THE Oleksandr Usyk-Anthony Joshua rematch is just days away and the consensus seems to be that Usyk will repeat his win of last September and expel Joshua from the upper tier of heavyweight boxing, only this time he’ll do so more dominantly. It’s honestly been difficult to find anyone making a case – with real conviction – for a Joshua win.

There is probably some off-the-shelf statistic somewhere, which confirms that most rematches are decided more emphatically in favour of the person who won the first fight, but the consignment of Joshua to the role of hopeless underdog is somewhat of a surprise.

Tribalism has undoubtedly played a part in swathes of support and public belief in Joshua falling away. The gaze of British and world heavyweight boxing has shifted towards Tyson Fury, which includes the attrition of many fans and members of the media who were steadfast “AJ” supporters just a few years ago. Bandwagon bias is really a thing.

Those who have fathomed a way that Joshua can emerge from this fight as the winner have tended to do so by including a much-repeated caveat “AJ can win but he’s mentally shot.”  

Twenty-one years ago, there were similar feelings about Lennox Lewis as he prepared for his rematch against Hasim Rahman. Not only did Rahman knock Lennox out, shockingly, in their first fight, but he appeared to have gotten the better of their infamous studio brawl. The image of Rahman, biceps bulging in a sleeveless jacket, pinning Lewis to the studio floor was all the evidence needed for many fans and members of the media to make their minds up that the former champion was ‘rattled’, ‘scared’ and ‘finished’. He wasn’t, and went on to demolish Rahman in four rounds.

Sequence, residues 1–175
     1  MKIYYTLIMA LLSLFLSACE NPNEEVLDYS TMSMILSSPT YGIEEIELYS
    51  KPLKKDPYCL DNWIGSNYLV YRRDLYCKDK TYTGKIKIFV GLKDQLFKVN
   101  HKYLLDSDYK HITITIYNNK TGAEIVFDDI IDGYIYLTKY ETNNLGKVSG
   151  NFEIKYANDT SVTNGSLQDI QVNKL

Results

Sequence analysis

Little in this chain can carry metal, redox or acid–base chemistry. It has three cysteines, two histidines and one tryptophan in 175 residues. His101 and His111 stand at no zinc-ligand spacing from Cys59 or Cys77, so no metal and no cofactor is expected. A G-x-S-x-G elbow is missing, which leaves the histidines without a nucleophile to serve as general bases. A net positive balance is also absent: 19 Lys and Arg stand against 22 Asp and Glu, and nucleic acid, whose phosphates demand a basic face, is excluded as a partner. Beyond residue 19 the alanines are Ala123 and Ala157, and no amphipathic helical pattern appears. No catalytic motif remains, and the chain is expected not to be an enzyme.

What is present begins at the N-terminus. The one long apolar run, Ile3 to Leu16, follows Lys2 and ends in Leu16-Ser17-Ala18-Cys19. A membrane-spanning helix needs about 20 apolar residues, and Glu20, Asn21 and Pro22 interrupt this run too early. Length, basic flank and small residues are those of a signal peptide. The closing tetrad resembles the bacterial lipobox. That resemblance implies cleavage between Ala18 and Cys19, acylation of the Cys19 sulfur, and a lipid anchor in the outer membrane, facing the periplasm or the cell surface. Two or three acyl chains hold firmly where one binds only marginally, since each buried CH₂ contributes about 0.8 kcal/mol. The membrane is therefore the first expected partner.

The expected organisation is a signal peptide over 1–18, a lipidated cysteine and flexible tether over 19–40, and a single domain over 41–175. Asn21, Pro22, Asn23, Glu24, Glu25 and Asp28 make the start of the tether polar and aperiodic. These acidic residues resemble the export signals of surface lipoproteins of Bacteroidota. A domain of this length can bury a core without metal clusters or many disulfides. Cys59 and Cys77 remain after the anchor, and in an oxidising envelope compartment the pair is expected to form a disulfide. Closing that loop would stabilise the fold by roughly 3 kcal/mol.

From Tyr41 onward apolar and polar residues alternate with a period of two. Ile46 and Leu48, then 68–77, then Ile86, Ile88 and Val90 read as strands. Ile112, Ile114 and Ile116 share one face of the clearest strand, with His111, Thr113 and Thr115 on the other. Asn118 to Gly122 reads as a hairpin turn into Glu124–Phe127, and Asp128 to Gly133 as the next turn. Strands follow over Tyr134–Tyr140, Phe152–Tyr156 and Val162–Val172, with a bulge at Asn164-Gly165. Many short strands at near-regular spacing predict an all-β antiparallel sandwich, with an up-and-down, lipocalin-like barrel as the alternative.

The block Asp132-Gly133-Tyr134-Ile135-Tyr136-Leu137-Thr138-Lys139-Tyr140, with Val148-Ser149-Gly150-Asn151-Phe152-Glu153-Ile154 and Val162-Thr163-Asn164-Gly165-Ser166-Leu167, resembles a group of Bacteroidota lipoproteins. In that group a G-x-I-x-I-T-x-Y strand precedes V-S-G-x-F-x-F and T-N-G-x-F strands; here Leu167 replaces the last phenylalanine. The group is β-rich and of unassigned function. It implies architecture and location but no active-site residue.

This is not to say that Joshua has the elite quality that Lewis had, or Rahman presents the same level of difficulty to fight as Usyk, but there are clear overlaps between the two fights. Is a similar misread of Usyk-Joshua II about to happen? Lewis went into that rematch wanting to gain revenge, but he was experienced enough to know that he needed to win to preserve his legacy as one of the greatest heavyweights of all time and reassume his place, which he saw as being rightfully his, at the top of the heavyweight tree. That need to win gave him the appropriate amount of fear to be at his best.

Sometimes the difference between what a person wants and what a person needs can be a fine line. Nearly every boxer that steps through those ropes ‘wants’ to win, as winning has huge evolutionary value, it moves you forward, improves you in some way. The ‘need’ to win requires a deeper dive, as the reasons are usually more fundamental and critical to how you function. In boxing we tend to call this ‘the hunger’.

Joshua needs to win this fight. He has revealed in the lead-up that he feels disrespected despite all that he’s achieved, and there’s probably some truth in that. His ego and pride as a man and competitor means that gaining revenge is still very much on the agenda, but he needs to deprioritise that mission, as there’s simply too much at stake.

In 1988 Lloyd Honeyghan took on Mexico’s Jorge Vaca in a rematch after losing his WBC welterweight title and unbeaten record in a major upset, by a split technical decision.

Honeyghan won the rematch in three rounds. He was more relentless than ever before, but boxed without his usual class, swinging, and missing wildly until finding the body shot that ended the fight. His bitter rival at the time, Marlon Starling was so unimpressed by the performance that he compared Honeyghan to an old lady fending off a mugger. Maybe so, but he won and that’s all that mattered. Honeyghan placed winning before style and his wanting for revenge and it paid off.